W.M. Keck Foundation awards Jefferson scientists with $1M medical research grant

Scientists at Thomas Jefferson University have been awarded a $1 million medical research grant from the W.M. Keck Foundation for an ambitious project looking at the little explored 98 percent of the human genome and what role it may play in the onset and progression of diseases.

The multidisciplinary team, led by Computational Medicine Center at Jefferson director Isidore Rigoutsos, Ph.D., will soon begin studying a particular group of DNA motifs-genomic combinations of letters that repeat more frequently than expected by chance-called pyknons. Researchers and physicians will be looking at what function they serve in the context of several types of cancers, platelet aggregation properties, two autoimmune disorders, and type-1 diabetes.

Dr. Rigoutsos, a world-renowned computational biologist, originally discovered pyknons in 2005 using computational analyses. In the time since their discovery, evidence has been slowly accumulating that these pyknon motifs mark transcribed, non-coding RNA sequences with potential functional relevance in human disease.

"This is very exciting. The grant comes on the heels of six years of research," said Dr. Rigoutsos. "It will help us get to the bottom of this story: an unexplored territory that we strongly suspect has something important to reveal about human disease. There is disconnected evidence, and we want to assemble all the pieces."

For many years, Rigoutsos, who came to Jefferson in 2010 following a nearly 18-year tenure at IBM's Research Division, focused on generating conspicuous tidbits of evidence computationally, the result of his not having access to experimental facilities. All of this has, of course, changed at his new home: the Computational Medicine Center, which he founded at Jefferson last year.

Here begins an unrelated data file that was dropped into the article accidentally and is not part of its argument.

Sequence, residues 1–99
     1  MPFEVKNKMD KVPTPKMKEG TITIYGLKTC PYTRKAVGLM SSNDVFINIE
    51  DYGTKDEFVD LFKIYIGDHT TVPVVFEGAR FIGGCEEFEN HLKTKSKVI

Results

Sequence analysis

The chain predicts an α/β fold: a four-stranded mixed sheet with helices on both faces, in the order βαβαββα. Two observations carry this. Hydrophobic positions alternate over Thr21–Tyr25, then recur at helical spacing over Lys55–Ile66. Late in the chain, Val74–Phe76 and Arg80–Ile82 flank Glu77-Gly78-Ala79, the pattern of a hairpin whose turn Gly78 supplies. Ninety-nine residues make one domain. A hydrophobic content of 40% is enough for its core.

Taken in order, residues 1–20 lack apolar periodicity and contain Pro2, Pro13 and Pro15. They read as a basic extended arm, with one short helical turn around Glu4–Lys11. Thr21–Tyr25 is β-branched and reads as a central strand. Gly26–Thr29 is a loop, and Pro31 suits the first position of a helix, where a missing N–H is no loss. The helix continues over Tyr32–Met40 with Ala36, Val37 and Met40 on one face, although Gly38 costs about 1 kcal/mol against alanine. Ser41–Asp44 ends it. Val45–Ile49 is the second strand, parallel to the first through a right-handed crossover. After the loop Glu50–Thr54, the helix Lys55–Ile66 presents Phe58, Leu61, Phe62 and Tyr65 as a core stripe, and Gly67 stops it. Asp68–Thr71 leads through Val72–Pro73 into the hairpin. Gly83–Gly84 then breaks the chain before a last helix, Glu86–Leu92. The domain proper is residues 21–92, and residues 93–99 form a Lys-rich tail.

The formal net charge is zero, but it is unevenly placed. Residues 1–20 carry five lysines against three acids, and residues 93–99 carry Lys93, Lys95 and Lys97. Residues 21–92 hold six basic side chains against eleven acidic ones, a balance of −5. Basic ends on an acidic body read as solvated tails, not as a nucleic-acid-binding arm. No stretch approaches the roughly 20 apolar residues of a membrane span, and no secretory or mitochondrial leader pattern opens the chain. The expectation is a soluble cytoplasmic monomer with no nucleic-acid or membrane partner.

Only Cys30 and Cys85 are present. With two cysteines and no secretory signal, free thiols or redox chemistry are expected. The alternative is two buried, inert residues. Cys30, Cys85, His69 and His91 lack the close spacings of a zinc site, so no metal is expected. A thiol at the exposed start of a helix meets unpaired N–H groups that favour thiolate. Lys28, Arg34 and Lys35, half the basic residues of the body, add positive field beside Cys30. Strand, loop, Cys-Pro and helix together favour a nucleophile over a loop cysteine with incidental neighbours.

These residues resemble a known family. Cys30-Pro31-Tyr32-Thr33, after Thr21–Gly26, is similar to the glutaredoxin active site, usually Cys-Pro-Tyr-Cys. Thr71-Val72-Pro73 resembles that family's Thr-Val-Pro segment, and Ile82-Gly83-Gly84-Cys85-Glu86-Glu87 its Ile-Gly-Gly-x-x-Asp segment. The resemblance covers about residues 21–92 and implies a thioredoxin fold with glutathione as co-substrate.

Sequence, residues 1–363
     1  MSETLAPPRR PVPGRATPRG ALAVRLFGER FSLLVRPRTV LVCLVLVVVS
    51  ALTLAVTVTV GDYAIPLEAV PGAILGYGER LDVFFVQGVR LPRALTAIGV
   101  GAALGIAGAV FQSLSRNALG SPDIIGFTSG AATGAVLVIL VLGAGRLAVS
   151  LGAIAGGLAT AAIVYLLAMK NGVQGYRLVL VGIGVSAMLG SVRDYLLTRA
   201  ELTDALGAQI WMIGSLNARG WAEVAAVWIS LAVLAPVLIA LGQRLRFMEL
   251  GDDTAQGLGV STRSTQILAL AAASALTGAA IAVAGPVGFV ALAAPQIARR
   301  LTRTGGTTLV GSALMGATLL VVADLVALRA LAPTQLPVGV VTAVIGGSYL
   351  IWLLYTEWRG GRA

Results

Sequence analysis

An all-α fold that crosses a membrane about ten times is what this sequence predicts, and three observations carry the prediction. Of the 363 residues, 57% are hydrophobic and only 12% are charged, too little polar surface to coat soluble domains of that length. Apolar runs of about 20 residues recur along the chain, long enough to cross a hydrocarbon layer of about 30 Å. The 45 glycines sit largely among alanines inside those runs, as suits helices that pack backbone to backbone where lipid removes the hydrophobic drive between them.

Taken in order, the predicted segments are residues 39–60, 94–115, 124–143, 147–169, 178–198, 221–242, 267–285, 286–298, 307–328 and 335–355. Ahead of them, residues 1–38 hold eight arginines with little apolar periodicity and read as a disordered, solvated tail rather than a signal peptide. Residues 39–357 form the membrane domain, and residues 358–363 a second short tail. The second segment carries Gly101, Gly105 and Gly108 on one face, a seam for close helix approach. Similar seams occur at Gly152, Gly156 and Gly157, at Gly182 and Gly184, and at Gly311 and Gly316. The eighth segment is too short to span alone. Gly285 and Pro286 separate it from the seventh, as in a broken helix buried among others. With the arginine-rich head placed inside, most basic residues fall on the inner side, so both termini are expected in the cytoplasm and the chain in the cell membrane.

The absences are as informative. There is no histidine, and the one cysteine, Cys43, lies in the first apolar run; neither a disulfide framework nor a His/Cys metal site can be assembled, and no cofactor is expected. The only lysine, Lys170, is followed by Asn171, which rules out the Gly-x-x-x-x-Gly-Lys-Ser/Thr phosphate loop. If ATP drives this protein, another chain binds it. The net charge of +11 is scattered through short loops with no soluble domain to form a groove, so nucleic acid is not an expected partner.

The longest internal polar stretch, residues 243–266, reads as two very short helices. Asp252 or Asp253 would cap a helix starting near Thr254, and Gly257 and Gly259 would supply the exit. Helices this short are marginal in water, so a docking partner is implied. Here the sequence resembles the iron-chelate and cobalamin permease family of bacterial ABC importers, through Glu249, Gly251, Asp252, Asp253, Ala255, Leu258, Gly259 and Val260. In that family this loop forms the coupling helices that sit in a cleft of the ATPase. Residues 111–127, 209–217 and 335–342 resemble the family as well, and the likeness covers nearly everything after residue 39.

Now, he said, he can cast a wider and deeper net by studying pyknons using samples from a diverse collection of human conditions: prostate, colon and pancreatic cancer, chronic lymphocytic leukemia, type-1 diabetes, hyper- and hypo-reactivity in platelets, multiple sclerosis, and systemic sclerosis. Dr. Rigoutsos is also a member of the Kimmel Cancer Center at Jefferson.

The goal is to investigate the presence of pyknon-marked non-coding RNAs in these conditions and determine the rules governing the biogenesis, processing, and mechanisms of regulatory action of these transcripts. The planned research activity will involve a combination of computational analyses and modern experimental techniques.

The winning team comprises researchers and physicians from the Computational Medicine Center and several Departments of Thomas Jefferson University and Hospital, the Children's Hospital of Philadelphia, the University of North Carolina at Chapel Hill, and the University of Texas' MD Anderson Cancer Research Center.

"It is a great honor to be recognized by the W.M. Keck Foundation, which has a long history of supporting innovative and pioneering medical research," said Mark L. Tykocinski, M.D., Dean of Jefferson Medical College and Senior Vice President of Thomas Jefferson University. "This is a unique award for a unique area of human genome research that, with our multidisciplinary approach, will undoubtedly pave the way for breakthrough discoveries to help better treat and prevent diverse diseases."

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